UNStudio’s recently completed design for an existing loft located in Greenwich Village in Manhattan explores the interaction between a gallery and living space. The main walls in the loft flow through the space, and together with articulated ceilings create hybrid conditions in which exhibition areas merge into living areas.

The existing loft space was characterized by challenging proportions: the space is long and wide, but also rather low. Gently flowing curved walls were introduced to virtually divide the main space into proportionally balanced spaces. This created zones of comfortable proportions for domestic use, while simultaneously generating a large amount of wall space for the display of art.

Ben van Berkel: “The loft really is a hybrid space; as much a private museum as a living space. Because of that, flexibility is all; few rooms are actually fixed and most are interchangeable, so that in the end the areas devoted to living and to art are completely merged.”

While the walls form a calm and controlled backdrop for the works of art, the ceiling is more articulated in its expression of this transition. By interchanging luminous and opaque, the ceiling creates a field of ambient and local lighting conditions, forming an organizational element in the exhibition and the living areas.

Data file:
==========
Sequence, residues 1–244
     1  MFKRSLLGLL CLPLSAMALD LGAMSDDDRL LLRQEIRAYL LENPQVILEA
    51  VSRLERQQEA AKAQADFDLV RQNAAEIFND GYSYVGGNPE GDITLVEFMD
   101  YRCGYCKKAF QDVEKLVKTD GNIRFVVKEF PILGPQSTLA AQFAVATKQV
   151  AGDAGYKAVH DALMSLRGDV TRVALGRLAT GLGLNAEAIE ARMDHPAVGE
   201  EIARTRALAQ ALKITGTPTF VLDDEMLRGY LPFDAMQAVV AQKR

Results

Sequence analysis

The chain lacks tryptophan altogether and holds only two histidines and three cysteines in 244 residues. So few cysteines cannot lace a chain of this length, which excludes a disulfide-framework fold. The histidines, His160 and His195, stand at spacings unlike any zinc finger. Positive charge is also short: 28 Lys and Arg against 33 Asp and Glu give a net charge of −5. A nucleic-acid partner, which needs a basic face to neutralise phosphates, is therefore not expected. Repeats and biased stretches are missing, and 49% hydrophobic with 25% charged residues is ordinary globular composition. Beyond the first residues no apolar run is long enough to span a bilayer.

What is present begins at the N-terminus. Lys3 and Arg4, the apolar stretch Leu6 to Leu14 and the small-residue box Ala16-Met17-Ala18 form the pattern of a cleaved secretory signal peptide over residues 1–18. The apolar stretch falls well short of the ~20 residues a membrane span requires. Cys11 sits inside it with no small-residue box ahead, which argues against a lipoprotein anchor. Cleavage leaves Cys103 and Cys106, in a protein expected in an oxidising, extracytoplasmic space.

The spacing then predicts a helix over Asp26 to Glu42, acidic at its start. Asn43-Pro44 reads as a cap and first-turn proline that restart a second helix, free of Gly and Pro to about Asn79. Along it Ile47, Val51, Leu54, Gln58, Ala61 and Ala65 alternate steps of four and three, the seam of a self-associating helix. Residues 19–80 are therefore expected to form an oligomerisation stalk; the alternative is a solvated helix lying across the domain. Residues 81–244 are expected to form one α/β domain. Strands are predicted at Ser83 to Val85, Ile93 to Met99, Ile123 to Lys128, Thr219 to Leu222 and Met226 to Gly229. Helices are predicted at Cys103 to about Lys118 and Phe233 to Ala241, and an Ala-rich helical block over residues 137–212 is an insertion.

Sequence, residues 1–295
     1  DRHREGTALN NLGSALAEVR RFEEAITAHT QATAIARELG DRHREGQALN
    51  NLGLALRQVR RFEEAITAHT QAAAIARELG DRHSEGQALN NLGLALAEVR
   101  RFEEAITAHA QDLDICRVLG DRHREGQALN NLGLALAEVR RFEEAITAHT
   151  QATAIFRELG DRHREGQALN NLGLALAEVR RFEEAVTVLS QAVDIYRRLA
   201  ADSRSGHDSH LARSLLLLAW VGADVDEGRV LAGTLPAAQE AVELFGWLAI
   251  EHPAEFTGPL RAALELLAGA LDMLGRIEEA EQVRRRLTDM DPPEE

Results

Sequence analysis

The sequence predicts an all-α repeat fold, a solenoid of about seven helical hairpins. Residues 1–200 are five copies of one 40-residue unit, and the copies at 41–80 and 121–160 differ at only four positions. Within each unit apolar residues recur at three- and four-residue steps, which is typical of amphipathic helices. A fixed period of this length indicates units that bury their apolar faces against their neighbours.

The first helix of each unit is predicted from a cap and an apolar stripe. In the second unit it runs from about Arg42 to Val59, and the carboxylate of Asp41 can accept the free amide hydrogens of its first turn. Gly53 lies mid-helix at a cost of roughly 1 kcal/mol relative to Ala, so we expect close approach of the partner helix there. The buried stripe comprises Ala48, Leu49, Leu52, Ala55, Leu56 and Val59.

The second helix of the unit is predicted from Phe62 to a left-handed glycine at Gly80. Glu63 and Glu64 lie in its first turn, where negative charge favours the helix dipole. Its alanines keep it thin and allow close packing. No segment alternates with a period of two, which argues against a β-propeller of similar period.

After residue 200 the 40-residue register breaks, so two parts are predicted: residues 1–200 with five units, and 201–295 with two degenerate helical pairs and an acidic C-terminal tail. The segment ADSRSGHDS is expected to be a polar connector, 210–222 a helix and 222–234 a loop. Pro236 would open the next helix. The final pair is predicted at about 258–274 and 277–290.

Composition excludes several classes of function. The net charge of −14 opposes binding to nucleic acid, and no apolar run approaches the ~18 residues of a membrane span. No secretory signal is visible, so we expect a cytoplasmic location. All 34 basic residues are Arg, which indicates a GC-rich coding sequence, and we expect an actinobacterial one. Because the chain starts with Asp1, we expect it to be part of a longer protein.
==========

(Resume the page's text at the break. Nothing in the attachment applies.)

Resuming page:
Ben van Berkel: “The desire for open space was paramount. Even though there are numerous art works and books, the apartment remains very light and open. At the same time, unlike a gallery, large, open living spaces can appear too cool or sterile. The wooden floor and the lighting system furnish the space with warmth and intimacy. The lighting in the loft is highly connected to both the art works and the living spaces and can create different atmospheres at different times of day.”

The meandering walls frame an open a space that privileges long perspectives, with more sheltered corners and niches nestled in the curves. In this hybrid space a floating exhibition wall blends into library shelves on one side and into a display case on the other side.

Added to this mix is the appreciation of the city which is expressed in the ‘framing of the views’. The former windows in the South wall have been replaced by full floor to ceiling glass panes that frame and extend compelling views, over a full glass balcony, toward downtown Manhattan.

photos ©Iwan Baan

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